If you’re planning on exploring Jordan properly, prepare to get extremely grubby. A day exploring the desolate, rocky landscape of Wadi Rum leaves your feet and a few inches of trouser leg covered in ancient dust. Tank it over Aqaba’s dunes on a quad bike for an hour or so and you’ll find your hair matted and crunchy with sand. And as for Petra’s archaeological ruins, there’s not a crumbly wall or old monument you can touch that doesn’t leave a piece of itself on your skin. Is it worth it? Absolutely. Jordan’s natural and man-made wonders are characterised by their epic scale (in terms of both size and time) that surely only a few destinations in the world can match. Until recently, the country served as a relatively minor stop on the Middle Eastern tourist trail, but since the Arab Spring rendered much of the region out of bounds, travellers are beginning to treat Jordan as a destination in its own right and taking the time to really explore its ancient history, movie-set scenery and liberal, welcoming culture.
Quad biking in Aqaba
Nothing gives you a sense of place like quad biking in the southern city of Aqaba. Most hotels in the area can arrange for bike hire and transport to a sandy expanse on the coast where you can let rip over the dunes and valleys against the backdrop of the Gulf of Aqaba. For the first half hour, you’ll be concentrating furiously on following dirt tracks and avoiding rocks, dry bushes and sprays of sand. Then once you’ve got the hang of it, you’ll probably start driving too fast, testing out just how sturdy the quad bike is, and possibly letting out a few embarrassingly giddy whoops. Finally, you’ll bounce to the top of the highest sand dune you can see, pull off your sweaty helmet and take a look around. That’s the Red Sea right in front of you. Clearly visible on the other side of the water, to your left – Egypt. To your right, that landmass is Israel. And behind you, miles of sand dunes as far as you can see. Feel like you’re in the Middle East now? Good.
Exploring Wadi Rum
Any attempt to describe Wadi Rum inevitably lets it down, as it’s essentially little more than a valley of enormous rocks. But everything about this place, from its dizzying mountain peaks, to its striking palette of Martian pinky-reds against the bright blue sky and the heavy, brain-filling silence that pervades the wadi, genuinely feels otherworldly. There’s plenty of interest here for history buffs - British officer T. E. Lawrence based himself here during the First World War Arab Revolt, and numerous scenes from ‘Lawrence of Arabia’ were actually filmed on site. Hiring a 4x4 is the best way to get around as the main sights – prehistoric Nabataean rock carvings, the natural Burdah Rock Bridge, Lawrence’s Spring and numerous fascinating sandstone rock formations – are too far apart to cover on foot. Finish off a day’s adventures here by climbing to the top of Alfla Dune (be warned, this is no mean feat) to watch the sunset. Excursions with Wadi Rum Tours (+962 795 445 966) start at £50 per person.
Ancient history in Petra
A visit to the ancient Nabatean city of Petra is the shivers-down-your-spine, tick-it-off-the-bucket-list adventure that most visitors come to Jordan for. Built in the 6th century BC by the ancient Nabataean people, it was taken over by the Romans in AD106 and the beautiful temples, tombs, sacrificial sites and statues carved into the iconic red stone show the influences of both cultures. Begin by walking through a long passageway called the Siq, where you’ll catch your first glimpse (or your second, if you’ve already seen ‘Indiana Jones and the Last Crusade’) of the elaborate and intricately carved Treasury. The path onwards takes you past the Street of Facades, which is lined with statues and tombs, the Roman Theatre, and the Monastery. As Jordan’s biggest tourist attraction, making the most of Petra will take every ounce of energy you’ve got. Along the way, you’ll be forced to fend off hordes of slightly aggro kids selling postcards, dodge donkeys, camels and horses carrying fatigued tourists through the city and take numerous breaks from the scorching heat while absorbing as much of the awe-inspiring scenery as you can. It’s an intense, exhausting, exhilarating experience.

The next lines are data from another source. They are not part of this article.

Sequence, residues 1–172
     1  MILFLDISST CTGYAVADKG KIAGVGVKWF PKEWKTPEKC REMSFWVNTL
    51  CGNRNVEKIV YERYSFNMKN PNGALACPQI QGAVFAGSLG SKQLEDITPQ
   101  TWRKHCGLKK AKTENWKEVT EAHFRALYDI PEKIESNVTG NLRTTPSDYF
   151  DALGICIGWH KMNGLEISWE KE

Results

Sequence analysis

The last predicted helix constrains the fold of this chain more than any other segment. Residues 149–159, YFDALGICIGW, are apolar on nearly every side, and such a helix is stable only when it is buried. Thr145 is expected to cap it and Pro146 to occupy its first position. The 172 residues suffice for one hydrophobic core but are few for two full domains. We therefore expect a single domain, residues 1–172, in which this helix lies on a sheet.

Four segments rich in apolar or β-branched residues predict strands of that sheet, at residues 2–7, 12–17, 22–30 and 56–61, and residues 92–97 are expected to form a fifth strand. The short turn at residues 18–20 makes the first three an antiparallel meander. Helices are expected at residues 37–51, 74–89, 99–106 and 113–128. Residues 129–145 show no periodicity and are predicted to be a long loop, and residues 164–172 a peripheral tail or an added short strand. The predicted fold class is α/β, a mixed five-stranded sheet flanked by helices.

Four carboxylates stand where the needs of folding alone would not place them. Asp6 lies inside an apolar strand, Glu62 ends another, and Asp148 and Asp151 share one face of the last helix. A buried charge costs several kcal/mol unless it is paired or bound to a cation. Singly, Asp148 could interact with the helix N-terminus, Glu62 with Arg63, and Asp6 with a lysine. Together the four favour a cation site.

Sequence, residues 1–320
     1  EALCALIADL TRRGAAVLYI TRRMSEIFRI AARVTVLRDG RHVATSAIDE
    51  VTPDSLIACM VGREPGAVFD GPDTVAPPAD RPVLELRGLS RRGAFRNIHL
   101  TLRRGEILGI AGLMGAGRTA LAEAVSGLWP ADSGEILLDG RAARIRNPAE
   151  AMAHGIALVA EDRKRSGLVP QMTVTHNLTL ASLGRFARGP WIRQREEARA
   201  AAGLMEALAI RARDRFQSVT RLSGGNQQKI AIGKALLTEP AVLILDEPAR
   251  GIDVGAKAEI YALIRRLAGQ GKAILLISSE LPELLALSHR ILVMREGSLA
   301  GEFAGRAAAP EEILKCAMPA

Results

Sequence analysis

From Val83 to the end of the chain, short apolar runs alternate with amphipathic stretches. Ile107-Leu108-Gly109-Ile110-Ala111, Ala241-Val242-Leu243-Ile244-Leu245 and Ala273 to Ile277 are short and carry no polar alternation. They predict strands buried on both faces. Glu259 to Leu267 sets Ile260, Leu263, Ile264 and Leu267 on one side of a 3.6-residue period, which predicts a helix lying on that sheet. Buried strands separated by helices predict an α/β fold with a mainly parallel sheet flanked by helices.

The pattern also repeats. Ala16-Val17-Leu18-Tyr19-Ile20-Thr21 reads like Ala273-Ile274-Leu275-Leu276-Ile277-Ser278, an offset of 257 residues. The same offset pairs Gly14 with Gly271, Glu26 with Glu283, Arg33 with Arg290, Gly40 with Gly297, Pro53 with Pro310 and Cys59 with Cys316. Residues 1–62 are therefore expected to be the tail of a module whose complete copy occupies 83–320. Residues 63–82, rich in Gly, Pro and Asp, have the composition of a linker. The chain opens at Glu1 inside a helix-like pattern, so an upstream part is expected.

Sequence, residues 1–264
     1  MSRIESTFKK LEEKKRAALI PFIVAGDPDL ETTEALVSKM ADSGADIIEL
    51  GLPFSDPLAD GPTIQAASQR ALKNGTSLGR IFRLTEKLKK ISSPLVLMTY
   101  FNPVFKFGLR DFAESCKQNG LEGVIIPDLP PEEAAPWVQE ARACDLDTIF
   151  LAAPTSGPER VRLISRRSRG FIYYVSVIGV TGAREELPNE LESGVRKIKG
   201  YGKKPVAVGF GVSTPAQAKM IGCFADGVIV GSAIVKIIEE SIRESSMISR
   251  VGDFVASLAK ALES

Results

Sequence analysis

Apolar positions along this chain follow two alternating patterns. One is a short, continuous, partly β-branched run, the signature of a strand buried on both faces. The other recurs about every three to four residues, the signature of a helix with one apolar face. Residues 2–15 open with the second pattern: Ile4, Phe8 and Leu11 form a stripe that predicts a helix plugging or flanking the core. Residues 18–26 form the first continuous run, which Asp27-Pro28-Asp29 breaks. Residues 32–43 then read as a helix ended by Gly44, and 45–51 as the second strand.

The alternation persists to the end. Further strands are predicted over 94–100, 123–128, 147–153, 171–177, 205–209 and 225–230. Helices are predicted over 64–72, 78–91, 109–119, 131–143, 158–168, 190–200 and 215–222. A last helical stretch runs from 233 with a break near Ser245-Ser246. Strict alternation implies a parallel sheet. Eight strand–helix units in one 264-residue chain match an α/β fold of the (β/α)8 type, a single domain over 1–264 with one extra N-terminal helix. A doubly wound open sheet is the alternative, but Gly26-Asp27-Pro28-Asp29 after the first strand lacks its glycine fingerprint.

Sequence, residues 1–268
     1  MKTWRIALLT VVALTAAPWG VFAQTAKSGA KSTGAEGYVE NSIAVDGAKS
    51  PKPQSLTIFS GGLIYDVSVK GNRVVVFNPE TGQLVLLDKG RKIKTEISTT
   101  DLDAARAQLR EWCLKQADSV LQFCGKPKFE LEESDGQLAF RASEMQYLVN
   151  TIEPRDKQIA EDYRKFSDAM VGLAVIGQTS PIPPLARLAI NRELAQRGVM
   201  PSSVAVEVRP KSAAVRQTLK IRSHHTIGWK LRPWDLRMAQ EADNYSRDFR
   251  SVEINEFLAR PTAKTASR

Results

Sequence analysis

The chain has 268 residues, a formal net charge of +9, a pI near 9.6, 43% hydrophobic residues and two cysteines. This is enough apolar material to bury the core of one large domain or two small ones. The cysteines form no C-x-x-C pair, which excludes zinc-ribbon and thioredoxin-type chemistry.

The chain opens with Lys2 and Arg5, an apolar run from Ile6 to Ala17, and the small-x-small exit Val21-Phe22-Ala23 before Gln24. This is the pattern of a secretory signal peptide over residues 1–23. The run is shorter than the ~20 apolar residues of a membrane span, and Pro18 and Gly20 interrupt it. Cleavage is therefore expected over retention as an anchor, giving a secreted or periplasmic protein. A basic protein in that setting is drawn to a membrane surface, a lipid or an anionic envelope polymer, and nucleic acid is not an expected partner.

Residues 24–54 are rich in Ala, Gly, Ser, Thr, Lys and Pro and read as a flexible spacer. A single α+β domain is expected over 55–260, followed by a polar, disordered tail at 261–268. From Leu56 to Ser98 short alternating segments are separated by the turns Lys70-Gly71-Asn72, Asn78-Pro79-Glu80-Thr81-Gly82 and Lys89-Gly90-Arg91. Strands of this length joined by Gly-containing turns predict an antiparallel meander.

Café culture in Amman
When you’ve soaked up all the history and natural wonders that Jordan has to offer, leave yourself at least an afternoon to hang out in Amman before you fly home. After the epic scenery of the rest of the country, Jordan’s capital feels refreshingly down to earth and small in scale. The city is spread over 19 hills, meaning you get fresh views of boxy white houses, leafy avenues and narrow, chaotic streets round practically every bend. An artsy, creative community is based in Rainbow Street, where you’ll find a great collection of independent galleries and bookshops among all the trendy cafes. Stop into Café des Artistes (+962 6 463 8239) on the main stretch to flick through local magazines, tap up some free wi-fi and take in the flamboyant artwork that covers the walls. Alternatively Books@cafe (+962 6 465 0457) – a bookshop, bar and café rolled into one – is close by on Omar Ibn Al Khattab Street, and is a great spot for a beer on the sunny terrace while mixing with a young Jordanian party crowd.
If you’re prepared to do a bit of driving, Aqaba is a smart place to base yourself during your trip to Jordan. Wadi Rum, Petra and Amman are all within a few hours by road, and the relaxed, seaside atmosphere at the resorts here make Aqaba a good place to unwind after hitting the busy tourist sites. Try Radisson Blu Tala Bay Resort (South Beach Road, +962 3 209 0777), which has pools, a gorgeous beach, cooking demonstrations, and fitness classes to keep you occupied during your downtime. Rooms start from £88
Bmi flies direct to Amman from London Heathrow, with return fares starting at £401.